Friday and Saturday nights out
Whenever possible, through the 1950s, a pal of mine and I went to The Regent on a Friday or Saturday night. You reached the top floor via a lift and as you looked into the ballroom, the bar was immediately on your right, and just the other side was a standing area where unescorted girls tended to gather. I am ashamed to admit that in those politically incorrect and chauvanistic days, we referred to this as the ‘cowshed’.
The Latin American break
I particularly remember the breaks that the orchestra took when the lights would swing over to a Latin American group playing from a gallery half way up the wall. In those days the average guy reckoned he only needed to have three dances – the waltz, the quickstep or foxtrot, depending on the tempo of the dance and the ‘grope’ normally reserved for the later part of the evening. Therefore, when the Latin American group came on, the floor was abandoned except for a few enthusiasts who welcomed the chance to have space to show off their talents, especially the tango.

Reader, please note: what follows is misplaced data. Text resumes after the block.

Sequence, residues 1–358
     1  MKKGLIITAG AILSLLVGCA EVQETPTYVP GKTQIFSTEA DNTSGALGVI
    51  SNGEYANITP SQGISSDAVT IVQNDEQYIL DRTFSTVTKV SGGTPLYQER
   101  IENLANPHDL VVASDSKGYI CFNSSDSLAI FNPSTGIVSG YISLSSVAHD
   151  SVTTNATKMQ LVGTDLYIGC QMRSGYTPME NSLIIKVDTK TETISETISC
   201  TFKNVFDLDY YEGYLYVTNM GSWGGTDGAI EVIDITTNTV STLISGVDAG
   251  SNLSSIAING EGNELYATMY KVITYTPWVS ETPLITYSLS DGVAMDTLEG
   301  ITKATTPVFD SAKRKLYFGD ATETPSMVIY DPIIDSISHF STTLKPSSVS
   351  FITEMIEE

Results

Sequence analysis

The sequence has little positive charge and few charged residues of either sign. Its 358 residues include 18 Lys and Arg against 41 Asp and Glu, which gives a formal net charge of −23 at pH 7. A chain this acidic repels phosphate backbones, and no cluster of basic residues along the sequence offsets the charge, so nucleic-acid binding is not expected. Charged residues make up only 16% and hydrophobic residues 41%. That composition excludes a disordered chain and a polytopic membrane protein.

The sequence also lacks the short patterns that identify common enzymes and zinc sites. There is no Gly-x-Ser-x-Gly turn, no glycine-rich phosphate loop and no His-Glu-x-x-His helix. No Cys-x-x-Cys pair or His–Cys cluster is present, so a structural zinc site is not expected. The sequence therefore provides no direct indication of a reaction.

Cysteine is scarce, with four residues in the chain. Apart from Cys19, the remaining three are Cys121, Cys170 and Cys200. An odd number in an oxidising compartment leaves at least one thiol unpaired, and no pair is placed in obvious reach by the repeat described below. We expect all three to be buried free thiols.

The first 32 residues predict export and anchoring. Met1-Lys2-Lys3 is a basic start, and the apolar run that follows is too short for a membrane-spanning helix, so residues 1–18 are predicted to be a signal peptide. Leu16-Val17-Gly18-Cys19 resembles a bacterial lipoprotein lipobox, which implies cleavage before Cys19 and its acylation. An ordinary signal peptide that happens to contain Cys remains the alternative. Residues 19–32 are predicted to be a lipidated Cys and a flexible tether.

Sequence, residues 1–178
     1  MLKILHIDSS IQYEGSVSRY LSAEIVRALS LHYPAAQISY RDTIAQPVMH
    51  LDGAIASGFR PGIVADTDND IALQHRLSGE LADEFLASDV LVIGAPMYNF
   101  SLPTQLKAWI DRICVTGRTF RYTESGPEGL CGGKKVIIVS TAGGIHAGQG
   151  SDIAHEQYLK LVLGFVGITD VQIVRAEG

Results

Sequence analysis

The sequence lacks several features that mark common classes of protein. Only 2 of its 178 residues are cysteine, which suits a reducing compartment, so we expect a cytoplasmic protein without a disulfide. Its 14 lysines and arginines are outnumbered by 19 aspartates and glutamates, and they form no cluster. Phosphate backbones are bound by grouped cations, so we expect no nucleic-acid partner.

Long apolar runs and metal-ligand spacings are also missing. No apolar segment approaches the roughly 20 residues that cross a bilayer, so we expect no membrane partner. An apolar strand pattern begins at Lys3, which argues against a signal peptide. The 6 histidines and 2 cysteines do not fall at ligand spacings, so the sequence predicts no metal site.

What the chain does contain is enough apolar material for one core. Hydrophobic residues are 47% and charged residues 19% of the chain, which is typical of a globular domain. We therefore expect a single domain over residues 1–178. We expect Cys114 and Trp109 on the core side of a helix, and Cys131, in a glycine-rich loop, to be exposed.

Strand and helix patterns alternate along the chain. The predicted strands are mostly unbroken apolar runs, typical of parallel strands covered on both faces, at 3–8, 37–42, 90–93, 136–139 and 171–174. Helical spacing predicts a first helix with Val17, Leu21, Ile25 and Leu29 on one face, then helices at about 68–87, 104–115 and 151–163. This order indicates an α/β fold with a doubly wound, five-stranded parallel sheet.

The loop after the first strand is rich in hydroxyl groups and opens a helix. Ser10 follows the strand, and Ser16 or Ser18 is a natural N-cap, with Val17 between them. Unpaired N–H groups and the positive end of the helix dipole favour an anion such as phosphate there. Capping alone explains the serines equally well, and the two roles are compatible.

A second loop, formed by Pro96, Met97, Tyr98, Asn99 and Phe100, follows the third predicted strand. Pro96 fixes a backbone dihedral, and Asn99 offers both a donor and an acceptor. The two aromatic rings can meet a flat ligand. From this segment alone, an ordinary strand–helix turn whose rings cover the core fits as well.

Took Mother to a Tea Dance
On broadcasting nights they had to have a guest singer, invariably Rita Williams, as the band’s own singer had not yet received official BBC acceptance. I was also there for a Gracie Fields performance which was as much marked for the security exercised by the doorman as the performance itself. At about the age of seventeen, I took my mother to a tea dance at The Regent for a birthday treat. We had the choice of three ballrooms; Sherry’s in West Street, to which you did not tell your parents you were going, the Aquarium which was very respectable, and The Regent which was ‘The place to be’.